HNF1B and PAX2 mutations are a common cause of renal hypodysplasia in the CKiD cohort
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Malformations of the kidney and lower urinary tract are the most frequent cause of end-stage renal disease in children. Mutations in HNF1Β and PAX2 commonly cause syndromic urinary tract malformation. We searched for mutations in HNF1Β and PAX2 in North American children with renal aplasia and hypodysplasia (RHD) enrolled in the Chronic Kidney Disease in Children Cohort Study (CKiD). We identified seven mutations in this multiethnic cohort (10% of patients). In HNF1Β, we identified a nonsense (p.R181X), a missense (p.S148L), and a frameshift (Y352fsX352) mutation, and one whole gene deletion. In PAX2, we identified one splice site (IVS4-1G>T), one missense (p.G24E), and one frameshift (G24fsX28) mutation. All mutations occurred in Caucasians, accounting for 14% of disease in this subgroup. The absence of mutations in other ethnicities is likely due to the limited sample size. There were no differences in clinical parameters (age, baseline eGFR, blood pressure, body mass index, progression) between patients with or without HNF1B and PAX2 mutations. A significant proportion of North American Caucasian patients with RHD carry mutations in HNF1Β or PAX2 genes. These patients should be evaluated for complications (e.g., diabetes for HNF1Β mutations, colobomas for PAX2) and referred for genetic counseling.
KeywordsHNF1B PAX2 Renal hypodysplasia Chronic kidney disease Children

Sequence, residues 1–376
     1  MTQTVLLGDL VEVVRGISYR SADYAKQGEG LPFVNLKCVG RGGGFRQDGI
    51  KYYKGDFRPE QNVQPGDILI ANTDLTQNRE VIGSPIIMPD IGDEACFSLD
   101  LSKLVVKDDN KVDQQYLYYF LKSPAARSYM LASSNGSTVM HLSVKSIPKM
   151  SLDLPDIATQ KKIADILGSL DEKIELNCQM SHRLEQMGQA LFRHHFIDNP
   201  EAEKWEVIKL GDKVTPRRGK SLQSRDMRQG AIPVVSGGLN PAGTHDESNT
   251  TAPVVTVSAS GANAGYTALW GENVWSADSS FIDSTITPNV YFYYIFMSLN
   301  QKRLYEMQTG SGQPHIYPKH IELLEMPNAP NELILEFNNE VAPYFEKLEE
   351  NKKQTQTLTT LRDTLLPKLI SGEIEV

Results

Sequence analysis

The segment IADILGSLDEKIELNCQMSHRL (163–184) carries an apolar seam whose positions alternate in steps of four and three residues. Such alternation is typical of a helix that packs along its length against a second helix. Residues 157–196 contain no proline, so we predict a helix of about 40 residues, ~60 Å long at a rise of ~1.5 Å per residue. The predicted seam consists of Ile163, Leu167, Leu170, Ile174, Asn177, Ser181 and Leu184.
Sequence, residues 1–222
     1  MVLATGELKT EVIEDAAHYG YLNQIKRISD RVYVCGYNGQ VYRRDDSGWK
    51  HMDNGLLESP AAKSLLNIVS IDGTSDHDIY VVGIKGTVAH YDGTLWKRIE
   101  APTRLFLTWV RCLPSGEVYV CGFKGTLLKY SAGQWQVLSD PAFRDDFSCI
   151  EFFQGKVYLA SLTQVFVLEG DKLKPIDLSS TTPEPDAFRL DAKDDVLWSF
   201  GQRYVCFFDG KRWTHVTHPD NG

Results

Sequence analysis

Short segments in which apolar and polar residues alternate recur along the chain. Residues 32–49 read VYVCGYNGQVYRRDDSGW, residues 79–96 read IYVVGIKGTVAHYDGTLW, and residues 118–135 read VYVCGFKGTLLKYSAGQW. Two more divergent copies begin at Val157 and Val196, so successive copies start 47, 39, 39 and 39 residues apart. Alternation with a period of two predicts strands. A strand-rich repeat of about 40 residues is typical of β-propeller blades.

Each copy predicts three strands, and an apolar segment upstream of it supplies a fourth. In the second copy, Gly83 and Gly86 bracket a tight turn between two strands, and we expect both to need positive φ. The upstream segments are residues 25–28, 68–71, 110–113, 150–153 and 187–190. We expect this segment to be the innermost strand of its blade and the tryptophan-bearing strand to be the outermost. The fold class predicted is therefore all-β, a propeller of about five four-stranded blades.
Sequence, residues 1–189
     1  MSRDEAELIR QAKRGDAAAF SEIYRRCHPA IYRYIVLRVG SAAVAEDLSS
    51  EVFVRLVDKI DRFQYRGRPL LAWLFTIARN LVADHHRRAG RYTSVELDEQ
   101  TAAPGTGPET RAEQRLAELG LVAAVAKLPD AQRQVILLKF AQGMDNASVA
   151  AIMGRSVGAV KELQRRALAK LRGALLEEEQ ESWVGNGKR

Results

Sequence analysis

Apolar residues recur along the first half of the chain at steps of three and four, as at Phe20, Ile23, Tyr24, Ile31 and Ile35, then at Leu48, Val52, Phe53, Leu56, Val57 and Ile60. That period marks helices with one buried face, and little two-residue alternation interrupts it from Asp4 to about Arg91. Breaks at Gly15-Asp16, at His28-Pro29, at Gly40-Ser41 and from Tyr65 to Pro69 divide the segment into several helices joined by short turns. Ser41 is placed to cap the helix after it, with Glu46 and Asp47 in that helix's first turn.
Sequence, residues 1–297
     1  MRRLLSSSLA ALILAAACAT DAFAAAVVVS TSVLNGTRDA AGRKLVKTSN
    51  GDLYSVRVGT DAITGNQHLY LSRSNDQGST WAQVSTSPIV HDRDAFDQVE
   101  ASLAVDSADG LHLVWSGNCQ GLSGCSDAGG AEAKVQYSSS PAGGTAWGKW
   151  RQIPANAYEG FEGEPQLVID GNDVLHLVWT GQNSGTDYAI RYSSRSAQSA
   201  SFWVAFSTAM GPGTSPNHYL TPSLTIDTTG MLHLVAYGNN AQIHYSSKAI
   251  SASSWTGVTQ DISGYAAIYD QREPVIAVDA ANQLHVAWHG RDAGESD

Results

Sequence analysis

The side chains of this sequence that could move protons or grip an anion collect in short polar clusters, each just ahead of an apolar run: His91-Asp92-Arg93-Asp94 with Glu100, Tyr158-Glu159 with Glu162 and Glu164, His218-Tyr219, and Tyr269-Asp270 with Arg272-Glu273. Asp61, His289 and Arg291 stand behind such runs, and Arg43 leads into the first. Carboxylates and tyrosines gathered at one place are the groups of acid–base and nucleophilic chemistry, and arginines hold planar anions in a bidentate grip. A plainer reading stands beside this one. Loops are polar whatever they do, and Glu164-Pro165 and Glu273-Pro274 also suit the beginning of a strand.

We thank the patients for their participation in this study. We thank Catarina Quinzii and Michio Hirano at The H. Houston Merritt Center for Neuromuscular and Mitochondrial Disorders at Columbia University for assistance with MLPA. This study was supported by 1R01DK080099 (AGG). Rosemary Thomas is supported by the T32 NIH training grant. Simone Sanna-Cherchi is supported by the American Heart Association Scientist Development Grant (0930151N) and the American Society of Nephrology Career Development Grant. Data in this manuscript were collected by the Chronic Kidney Disease in Children prospective cohort study (CKiD) with clinical coordinating centers (Principal Investigators) at the Children’s Mercy Hospital and the University of Missouri, Kansas City (Bradley Warady, MD) and the Children’s Hospital of Philadelphia (Susan Furth, MD, PhD), the central laboratory (Principal Investigator) at the Department of Pediatrics, University of Rochester Medical Center (George Schwartz, MD), and the data coordinating center (Principal Investigator) at the Johns Hopkins Bloomberg School of Public Health (Alvaro Muñoz, PhD). The CKiD is funded by the National Institute of Diabetes and Digestive and Kidney Diseases, with additional funding from the National Institute of Child Health and Human Development, and the National Heart, Lung, and Blood Institute (U01 DK066143, U01 DK066174, U01 DK082194, U01 DK066116). The CKiD website is located at http://www.statepi.jhsph.edu.
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